Impressions of the Rabati fortress

The fortress inside the walls is beautifully renovated and definitely worth having a look around, particularly early in the morning, when there are no people around. There’s also a cafe in the courtyard, which wasn’t open that early, but looked quite nice. After we were done with our castle exploration, the taxi guy picked us up in front of the castle and we headed towards Vardzia. On the way there he pointed out some of the city sights and, since he was Armenian, he told us all about the local history gossip: which churches were taken from the Armenians by the Russians or the Georgians, which buildings were rebuilt and used by the Russians and everything else about what life used to be like in Akhaltsikhe during the Soviet Union era. Naturally, we took it all with a grain of salt, since political issues are always two-sided, but it was nice to get a local’s perspective and most of it sounded quite similar to what I normally hear from my older relatives about Yugoslavia. Just goes to show that the more you travel, the more you see that everything everywhere is really the same…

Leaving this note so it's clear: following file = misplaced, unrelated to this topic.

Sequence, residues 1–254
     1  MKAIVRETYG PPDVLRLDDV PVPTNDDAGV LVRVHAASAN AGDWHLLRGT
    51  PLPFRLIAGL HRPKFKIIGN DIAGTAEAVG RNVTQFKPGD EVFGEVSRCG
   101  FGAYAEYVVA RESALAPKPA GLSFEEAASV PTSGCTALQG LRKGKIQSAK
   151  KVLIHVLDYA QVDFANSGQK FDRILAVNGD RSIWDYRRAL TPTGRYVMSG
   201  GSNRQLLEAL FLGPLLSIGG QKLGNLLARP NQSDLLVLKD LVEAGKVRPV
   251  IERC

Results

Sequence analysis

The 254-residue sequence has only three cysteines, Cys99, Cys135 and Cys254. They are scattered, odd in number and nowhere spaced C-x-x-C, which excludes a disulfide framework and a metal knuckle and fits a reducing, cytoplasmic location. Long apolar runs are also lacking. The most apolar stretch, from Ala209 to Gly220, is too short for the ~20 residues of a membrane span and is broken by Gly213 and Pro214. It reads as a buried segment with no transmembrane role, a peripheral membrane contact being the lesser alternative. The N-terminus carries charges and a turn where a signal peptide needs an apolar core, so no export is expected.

Sapara monastery

Sapara is a monastery complex in Southwestern Georgia, in the Samtskhe-Javakheti region near Akhaltsikhe. It is considered one of the most important historical sites in the region, but it is sadly often overlooked. Most tourists head straight to the cave city of Vardzia, which I also went to, and disregard Sapara altogether. All 3 of them are marked on the map below and as you can see, the Sapara monastery really is close enough that it’s a shame if you don’t visit.